The Quest for a Black Unicorn: Investing in Lagos Start-ups

The Nigerian tech scene is on a roll, Lagos the financial and commercial centre of the country has become the epicentre of a nascent tech industry now boasting of hundreds of new ventures all competing to meet the demands of a young and fast growing population.

Lagos is already one of the world’s mega cities hosting a population of 21 million, this is expected to double in the next twenty years as more Nigerians move there to seek their fortunes. Lagos exhibits huge paradoxes, stories of incredible ingenuity and success are apparent amid severe hardships and the pressure of living in such densely populated urban area with scant resources.

When I covered investing in Nigeria a couple of years ago there was a great deal of optimism about the country, but since then the sustained low oil price has led to a collapse in the value of the Naira and a drop in the previously high economic growth rate. But there is optimism in the air, could some combination of a rise in oil prices, the prospect of new President (the incumbent Buhari is recovering in a London hospital), and an end to the Boko Haram insurgency in the north bring about a revival in Nigeria’s fortunes.

Despite Nigeria’s current economic woes increasing smart phone usage, extensive internet coverage and rising incomes (at least for some) has unleashed a wave of tech usage. Nigerians are bypassing fixed line phones, walk in banks and other physical infrastructure instead leapfrogging straight to modern solutions such as mobile banking often outpacing Western countries in the process. The presence of this new technology has also opened up opportunities for those entrepreneurs previously held back by a lack of capital and wider connections, now the door is open for tech start-ups to thrive.

The Lagos start-up scene

Technology start-ups the world over typically try and address a real world problem using modern technology and Nigeria is no different, attempts to reduce the pain of commuting in traffic crazy Lagos with a fleet of comfortable modern buses which allow passengers to prebook seats with free wifi and the opportunity to work, sleep and perhaps even enjoy an otherwise hellish journey to work. Another start-up DIY Law started by three female lawyers helps businesses through the complex thicket of regulations that is required to register a company in Nigeria. Big Cabal Media which produces a new generation of online magazines for young African audiences, all ventures made possible through the internet and mobile technology.

Nigerian and African tech companies have already proven themselves to be winners; IrokoTV was one of the first African success stories, the so called Netflix of Africa which has taken Nollywood online across Africa bypassing traditional television stations. Jumia is the latest tech company to hit the headlines receiving funding from Goldman Sachs, Rocket Internet and CDC, the firm has grand ambitions to create a one-stop shop for internet shopping, selling, travel, food delivery and anything else that can be sold online.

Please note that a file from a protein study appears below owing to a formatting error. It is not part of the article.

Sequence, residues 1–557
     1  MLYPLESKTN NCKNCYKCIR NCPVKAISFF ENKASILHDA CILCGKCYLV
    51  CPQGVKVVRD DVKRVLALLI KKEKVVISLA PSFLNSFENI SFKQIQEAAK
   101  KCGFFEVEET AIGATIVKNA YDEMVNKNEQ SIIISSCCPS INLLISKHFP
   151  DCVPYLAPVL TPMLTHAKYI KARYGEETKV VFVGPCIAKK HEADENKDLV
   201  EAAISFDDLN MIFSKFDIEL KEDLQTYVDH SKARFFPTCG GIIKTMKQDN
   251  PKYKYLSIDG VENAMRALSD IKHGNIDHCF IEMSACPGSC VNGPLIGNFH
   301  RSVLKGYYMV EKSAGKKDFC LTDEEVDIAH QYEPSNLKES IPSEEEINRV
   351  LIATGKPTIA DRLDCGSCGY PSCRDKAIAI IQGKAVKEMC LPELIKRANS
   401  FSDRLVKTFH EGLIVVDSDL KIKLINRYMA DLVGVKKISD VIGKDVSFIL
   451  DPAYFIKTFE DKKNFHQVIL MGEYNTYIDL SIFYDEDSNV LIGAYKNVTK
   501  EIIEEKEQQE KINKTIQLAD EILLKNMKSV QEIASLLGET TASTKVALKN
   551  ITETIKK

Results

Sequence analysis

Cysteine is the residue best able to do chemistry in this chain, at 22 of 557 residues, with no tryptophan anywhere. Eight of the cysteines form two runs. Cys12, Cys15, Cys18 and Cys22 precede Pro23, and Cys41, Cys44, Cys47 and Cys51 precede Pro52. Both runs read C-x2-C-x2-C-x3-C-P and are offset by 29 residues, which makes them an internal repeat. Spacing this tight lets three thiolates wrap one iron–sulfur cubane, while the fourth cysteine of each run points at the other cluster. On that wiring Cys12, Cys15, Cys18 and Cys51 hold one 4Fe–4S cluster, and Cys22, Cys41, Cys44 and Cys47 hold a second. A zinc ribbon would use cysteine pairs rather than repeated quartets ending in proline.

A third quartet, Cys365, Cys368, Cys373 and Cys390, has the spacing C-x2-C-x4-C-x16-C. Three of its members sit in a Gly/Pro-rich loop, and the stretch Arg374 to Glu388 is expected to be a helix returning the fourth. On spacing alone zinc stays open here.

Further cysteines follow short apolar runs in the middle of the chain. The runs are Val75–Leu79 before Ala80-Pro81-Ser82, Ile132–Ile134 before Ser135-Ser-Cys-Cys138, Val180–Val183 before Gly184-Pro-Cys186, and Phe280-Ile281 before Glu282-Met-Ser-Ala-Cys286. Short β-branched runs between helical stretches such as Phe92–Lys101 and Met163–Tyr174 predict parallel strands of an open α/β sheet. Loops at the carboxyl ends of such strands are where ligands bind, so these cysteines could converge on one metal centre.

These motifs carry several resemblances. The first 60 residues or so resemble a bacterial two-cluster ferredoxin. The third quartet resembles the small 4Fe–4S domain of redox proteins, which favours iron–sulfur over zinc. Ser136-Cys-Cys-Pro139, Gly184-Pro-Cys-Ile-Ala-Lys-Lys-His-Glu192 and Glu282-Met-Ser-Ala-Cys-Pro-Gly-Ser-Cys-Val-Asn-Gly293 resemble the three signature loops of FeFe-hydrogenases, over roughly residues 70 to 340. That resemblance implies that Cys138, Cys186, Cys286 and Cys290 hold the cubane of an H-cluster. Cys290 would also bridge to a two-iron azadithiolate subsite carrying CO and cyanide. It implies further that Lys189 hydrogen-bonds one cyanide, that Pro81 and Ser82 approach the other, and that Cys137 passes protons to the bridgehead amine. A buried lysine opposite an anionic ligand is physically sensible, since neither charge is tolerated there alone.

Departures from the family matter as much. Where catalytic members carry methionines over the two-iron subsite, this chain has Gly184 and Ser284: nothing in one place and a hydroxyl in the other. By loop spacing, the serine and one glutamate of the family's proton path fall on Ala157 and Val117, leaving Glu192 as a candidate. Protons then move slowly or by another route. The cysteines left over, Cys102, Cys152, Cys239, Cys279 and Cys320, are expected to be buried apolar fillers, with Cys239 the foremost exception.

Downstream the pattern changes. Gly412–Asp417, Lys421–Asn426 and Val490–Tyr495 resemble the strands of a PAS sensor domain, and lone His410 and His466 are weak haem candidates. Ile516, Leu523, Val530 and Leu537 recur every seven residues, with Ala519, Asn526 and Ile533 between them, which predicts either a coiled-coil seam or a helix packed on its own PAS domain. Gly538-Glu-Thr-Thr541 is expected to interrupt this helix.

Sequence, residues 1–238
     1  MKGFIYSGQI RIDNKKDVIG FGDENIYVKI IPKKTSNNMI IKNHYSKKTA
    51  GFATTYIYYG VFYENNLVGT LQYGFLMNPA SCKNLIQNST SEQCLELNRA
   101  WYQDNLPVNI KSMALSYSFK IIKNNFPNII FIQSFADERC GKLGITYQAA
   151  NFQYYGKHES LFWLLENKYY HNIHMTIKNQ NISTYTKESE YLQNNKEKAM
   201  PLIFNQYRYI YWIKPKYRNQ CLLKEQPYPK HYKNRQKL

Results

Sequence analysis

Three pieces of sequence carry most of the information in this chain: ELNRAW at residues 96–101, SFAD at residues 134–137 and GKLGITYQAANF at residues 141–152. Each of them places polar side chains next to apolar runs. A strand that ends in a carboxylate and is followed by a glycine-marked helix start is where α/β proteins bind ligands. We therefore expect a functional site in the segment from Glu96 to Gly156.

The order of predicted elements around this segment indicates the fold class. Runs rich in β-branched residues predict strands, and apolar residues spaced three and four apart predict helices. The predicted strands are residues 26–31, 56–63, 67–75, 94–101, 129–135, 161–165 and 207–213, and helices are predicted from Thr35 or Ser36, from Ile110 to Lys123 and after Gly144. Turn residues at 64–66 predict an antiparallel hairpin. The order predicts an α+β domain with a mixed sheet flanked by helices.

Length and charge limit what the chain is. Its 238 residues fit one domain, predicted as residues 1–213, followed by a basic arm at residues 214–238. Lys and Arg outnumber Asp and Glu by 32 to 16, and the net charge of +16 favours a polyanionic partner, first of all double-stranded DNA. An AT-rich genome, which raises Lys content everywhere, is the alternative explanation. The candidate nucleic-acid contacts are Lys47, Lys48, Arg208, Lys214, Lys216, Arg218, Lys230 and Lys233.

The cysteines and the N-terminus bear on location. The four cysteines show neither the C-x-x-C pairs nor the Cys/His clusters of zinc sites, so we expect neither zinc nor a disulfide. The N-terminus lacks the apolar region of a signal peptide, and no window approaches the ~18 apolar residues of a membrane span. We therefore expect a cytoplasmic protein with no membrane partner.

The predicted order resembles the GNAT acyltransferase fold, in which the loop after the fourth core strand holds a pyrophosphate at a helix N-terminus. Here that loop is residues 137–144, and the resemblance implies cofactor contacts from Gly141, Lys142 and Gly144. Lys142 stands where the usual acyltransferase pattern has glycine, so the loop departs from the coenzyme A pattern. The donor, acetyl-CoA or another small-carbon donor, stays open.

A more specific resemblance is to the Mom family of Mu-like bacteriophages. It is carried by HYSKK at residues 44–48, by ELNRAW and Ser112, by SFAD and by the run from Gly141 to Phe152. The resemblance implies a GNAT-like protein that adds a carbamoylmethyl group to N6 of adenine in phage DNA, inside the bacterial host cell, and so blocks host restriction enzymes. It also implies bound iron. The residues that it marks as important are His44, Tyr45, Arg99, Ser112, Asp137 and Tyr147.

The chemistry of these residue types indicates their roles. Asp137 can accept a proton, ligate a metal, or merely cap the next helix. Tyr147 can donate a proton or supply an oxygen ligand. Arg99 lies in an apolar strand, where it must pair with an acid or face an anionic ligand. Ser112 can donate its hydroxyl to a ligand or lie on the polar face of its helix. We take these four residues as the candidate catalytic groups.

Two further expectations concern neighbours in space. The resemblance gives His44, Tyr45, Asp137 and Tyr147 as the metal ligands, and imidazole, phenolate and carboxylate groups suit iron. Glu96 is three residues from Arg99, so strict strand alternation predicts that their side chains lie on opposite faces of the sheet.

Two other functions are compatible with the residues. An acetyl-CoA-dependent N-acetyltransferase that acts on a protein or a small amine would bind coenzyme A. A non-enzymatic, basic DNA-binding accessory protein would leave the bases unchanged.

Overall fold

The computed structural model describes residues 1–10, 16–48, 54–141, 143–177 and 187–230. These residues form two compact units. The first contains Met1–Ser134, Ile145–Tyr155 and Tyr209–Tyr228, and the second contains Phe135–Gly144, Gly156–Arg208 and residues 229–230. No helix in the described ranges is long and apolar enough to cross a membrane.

Now major US tech incubators such as Y Combinator are investing in Nigeria by funding companies from an early stage in an attempt to find winners. Tech start-ups are characterised by a high “burn” rate – in other words nearly all fail to make money or survive for very long, a few will create successful business or get brought up by a bigger competitor and a tiny minority will become major success stories, the so called “unicorns” because they are so rare.

How do you invest?

If you like many established tech players get the feeling that Nigerian tech firms have a bright future and you have the funds or skills to invest in this sector then there are few things to consider:

Compared to Silicon Valley or Europe it is a lot cheaper to invest in Africa, your investment could be as low as US$ 1000  per investment. However as nearly all start-ups eventually fail you will probably want to make multiple investments to spread your risk effectively which is possible via an Angel Fund. Investors put their funds into a large pot which is placed into various enterprises in the hope that a few will make money and cover the losses of the ones that don’t make it.

One established way of doing this is through the Lagos Angel List platform which will place your money in 100-200 companies at different stages of growth, but mainly seed capital and across a wide variety of sectors, all vetted by experienced professionals. The returns from the 2013 investment round have been impressive with unrealised IRR of 46% reported as of end of 2015. Unrealized IRR is of course an estimate as the investment cycle is not yet complete and this figure could fall over time.

It almost goes without saying that investing in a high risk sector like tech in a volatile frontier market like Nigeria is not to be done lightly, there is a lot that could go wrong. But this has to be balanced with the upside; Nigeria has huge potential as an economy as does the tech sector in the country and more generally Africa as many people on the continent have yet to even access the internet let alone explore its full potential.

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